Global credit card giant Mastercard announced on Monday that it would be working with digital asset platform Bakkt to allow its customers based in the United States to buy, sell and hold digital assets through custodial wallets. The partnership will allow any of Mastercard’s ecosystem of banks and merchants in the U.S. to issue branded crypto debit and credit cards, and enable consumers to buy, sell and hold digital assets through custodial wallets supported by Bakkt. Mastercard issuers will also be able to offer consumers the ability to earn and spend rewards points in cryptocurrencies in lieu of loyalty points, and convert their crypto to pay for purchases.
- Bakkt Holdings, founded in 2018, went public in a special purpose acquisition company deal last week. Its shares soared more than 100% in the early afternoon on Monday following news of the Mastercard tie-up, prompting a trading halt amid exceptionally high turnover volume. The stock hit a high of US$35.78 on Tuesday before losing more than one-third of its value by the end of the session on Wall Street. Nonetheless, Bakkt remains far above the disappointing valuation of US$8.03 it attracted just a few days after its debut.
- On the same day as the Mastercard deal was announced, global payment services firm Fiserv unveiled a strategic collaboration with Bakkt to offer merchant-facing digital asset services.
- In December last year, Visa partnered with cryptocurrency exchange BlockFi to launch Bitcoin rewards credit cards, the first credit card allowing users to earn crypto by making purchases.
- Mastercard is extending its reach into the digital asset space, on Sept. 9 announcing an agreement to acquire CipherTrace, a company that scans blockchains for illicit transactions.
Forkast.Insights | What does it mean?
Web 2.0 is rightly worried about missing the crypto train, and it’s applying its centralizing logic to ensure it gets a slice of the action. Like PayPal, which launched crypto services last year, Mastercard is trying to leverage its brand to entice people into a new and unfamiliar financial environment.
PayPal built its crypto services as a walled garden, preventing people from taking their crypto elsewhere. Whether Mastercard will try to prevent its customers from doing the same remains to be seen. If it does, it will serve to highlight the growing tension between Web 2.0 and Web 3.0 — centralized control versus decentralized free movement.
Web 3.0 is growing faster than most observers thought it would. The NFT explosion has proved surprisingly effective at converting people to crypto, and it’s why Facebook is launching its metaverse “land-grab.” For Web 2.0, this poses a problem: ignore it and lose out on a growing customer base, or jump in and risk being wrong-footed by crypto’s incredibly dynamic and volatile nature.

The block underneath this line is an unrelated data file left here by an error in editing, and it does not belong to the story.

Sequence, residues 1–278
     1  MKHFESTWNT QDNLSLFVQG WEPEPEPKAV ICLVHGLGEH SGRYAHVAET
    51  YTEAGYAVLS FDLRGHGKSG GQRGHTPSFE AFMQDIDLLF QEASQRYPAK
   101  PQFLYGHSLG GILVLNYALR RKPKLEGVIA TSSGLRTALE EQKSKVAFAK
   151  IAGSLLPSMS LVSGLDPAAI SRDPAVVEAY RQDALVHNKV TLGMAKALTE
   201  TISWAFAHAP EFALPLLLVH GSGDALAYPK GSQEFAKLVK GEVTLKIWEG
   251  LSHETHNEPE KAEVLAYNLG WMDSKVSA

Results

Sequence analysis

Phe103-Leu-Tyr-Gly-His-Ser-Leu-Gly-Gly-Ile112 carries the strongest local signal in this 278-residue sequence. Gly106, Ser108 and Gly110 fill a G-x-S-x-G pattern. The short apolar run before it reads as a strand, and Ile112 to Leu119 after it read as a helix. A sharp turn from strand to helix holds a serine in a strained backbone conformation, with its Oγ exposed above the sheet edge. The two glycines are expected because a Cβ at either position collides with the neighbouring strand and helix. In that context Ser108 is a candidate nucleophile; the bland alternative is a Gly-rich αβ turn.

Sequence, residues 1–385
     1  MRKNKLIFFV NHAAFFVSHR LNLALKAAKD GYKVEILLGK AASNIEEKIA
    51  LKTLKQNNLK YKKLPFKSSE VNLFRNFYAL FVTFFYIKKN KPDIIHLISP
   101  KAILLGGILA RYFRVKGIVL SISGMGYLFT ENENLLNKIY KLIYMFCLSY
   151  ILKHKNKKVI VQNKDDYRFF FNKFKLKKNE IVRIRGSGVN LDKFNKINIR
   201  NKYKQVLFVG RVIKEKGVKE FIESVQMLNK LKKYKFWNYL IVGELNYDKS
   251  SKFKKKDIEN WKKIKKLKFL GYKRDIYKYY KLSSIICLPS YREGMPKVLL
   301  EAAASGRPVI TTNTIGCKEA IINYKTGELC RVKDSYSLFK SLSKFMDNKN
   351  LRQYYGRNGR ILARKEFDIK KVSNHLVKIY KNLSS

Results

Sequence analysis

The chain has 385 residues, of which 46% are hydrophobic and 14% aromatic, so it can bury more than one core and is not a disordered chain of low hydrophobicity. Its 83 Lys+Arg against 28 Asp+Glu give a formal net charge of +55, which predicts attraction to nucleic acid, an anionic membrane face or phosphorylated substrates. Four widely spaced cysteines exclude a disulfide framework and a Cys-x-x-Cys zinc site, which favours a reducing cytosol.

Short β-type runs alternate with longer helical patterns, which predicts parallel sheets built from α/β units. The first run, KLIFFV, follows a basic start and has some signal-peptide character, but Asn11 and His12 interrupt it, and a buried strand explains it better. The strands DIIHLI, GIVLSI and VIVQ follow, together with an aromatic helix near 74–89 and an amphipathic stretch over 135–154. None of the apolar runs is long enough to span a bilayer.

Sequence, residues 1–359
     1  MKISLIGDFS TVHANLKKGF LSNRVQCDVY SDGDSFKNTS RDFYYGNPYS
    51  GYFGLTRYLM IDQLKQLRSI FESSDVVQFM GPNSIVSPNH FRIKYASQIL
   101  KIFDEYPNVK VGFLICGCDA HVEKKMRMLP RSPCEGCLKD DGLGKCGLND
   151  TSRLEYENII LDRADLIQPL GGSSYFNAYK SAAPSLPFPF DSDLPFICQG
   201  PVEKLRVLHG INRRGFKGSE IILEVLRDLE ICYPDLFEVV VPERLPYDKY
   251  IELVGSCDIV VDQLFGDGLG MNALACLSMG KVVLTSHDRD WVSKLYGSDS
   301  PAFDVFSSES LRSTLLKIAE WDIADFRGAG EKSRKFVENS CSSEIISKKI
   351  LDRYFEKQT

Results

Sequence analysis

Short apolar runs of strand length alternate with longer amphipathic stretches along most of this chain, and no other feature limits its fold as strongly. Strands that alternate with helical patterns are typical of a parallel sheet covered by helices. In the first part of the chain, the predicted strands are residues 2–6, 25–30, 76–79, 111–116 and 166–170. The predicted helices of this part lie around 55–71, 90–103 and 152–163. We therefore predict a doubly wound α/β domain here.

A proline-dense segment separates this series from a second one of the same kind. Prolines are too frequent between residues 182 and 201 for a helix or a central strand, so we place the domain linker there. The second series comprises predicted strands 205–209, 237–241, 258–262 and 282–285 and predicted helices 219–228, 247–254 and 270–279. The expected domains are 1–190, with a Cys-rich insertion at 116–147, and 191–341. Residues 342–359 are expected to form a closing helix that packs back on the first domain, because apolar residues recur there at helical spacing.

Offering custodial solutions to buying and holding crypto is an easy win for Mastercard — the 1.3 billion cards the company currently has in circulation represent a giant pool of potential revenue. The real test will come when those same customers realize crypto can be bought, sold and staked more cheaply elsewhere.
3. When is an NFT not an NFT?
Chinese tech conglomerates Alibaba and Tencent have rechristened their non-fungible tokens “digital collectibles.” The move by the two companies comes against a backdrop of Chinese state media outlets launching increasingly scathing attacks on NFTs and the “hype” surrounding them.
- Alipay, the ubiquitous mobile payment app run by Alibaba fintech affiliate Ant Group, is among the Alibaba businesses with newly renamed NFT collections on its platform. Alipay has been actively rolling out NFT artworks built on its AntChain network, in June and August, selling NFT wallpapers for its payment interface and last month creating NFTs featuring a torch for the 2022 Asian Games.
- Huanhe, an NFT app launched by Tencent in August, has also removed references to the phrase NFTs. A Tencent spokesperson told Forkast.News that Huanhe was a fully compliant platform that prohibits the transfer of digital products between users.
- AntChain clarified in a statement this week that it conducts business involving “digital collectibles” in strict compliance with laws and regulations, and that it allows “digital collectibles” to be freely gifted only between authenticated Alipay users after they have been held by a single user for more than 180 days.
- Although NFTs are not included in China’s recently ramped-up ban on cryptocurrency-related activities, state media outlets are upping the ante in criticizing them. Last month, Securities Times, a sister paper of People’s Daily — the mouthpiece of China’s ruling Communist Party — published an opinion piece slamming NFTs as hype and suggested that digital assets should serve the real economy by tokenizing actual assets.
Forkast.Insights | What does it mean?
As Forkast.News has reported, Beijing has been letting crypto companies know in no uncertain terms that they’re unwelcome in Xi Jinping’s China as it continues to roll back the free-market reforms of an earlier era.
Yet the realization among businesses that there is money to be made in crypto is nevertheless causing friction. Alibaba and Tencent have committed cash to rolling out their NFT platforms to tap the market buzz. Will a simple rebrand and restrictions on resales be enough to keep the authorities at bay?
Beijing hasn’t explicitly banned NFTs — yet. But it has made it abundantly clear that it’s not thrilled that crypto lives on in this form.
Tencent and Alibaba insist that their digital collectibles have no monetary attributes that allow people to earn passively. They also don’t permit the resale of NFTs for a profit, although local media outlets have reported that some of Alipay’s products have stoked speculative trading.
In the race for compliance, NFTs are being gutted of all the features and functionality that made them popular in the first place — being easy to acquire, easy to sell, and, of course, easy to make money from.
Investors have already found ways around China’s punitive approach elsewhere in the digital asset space. How long will it take NFT collectors?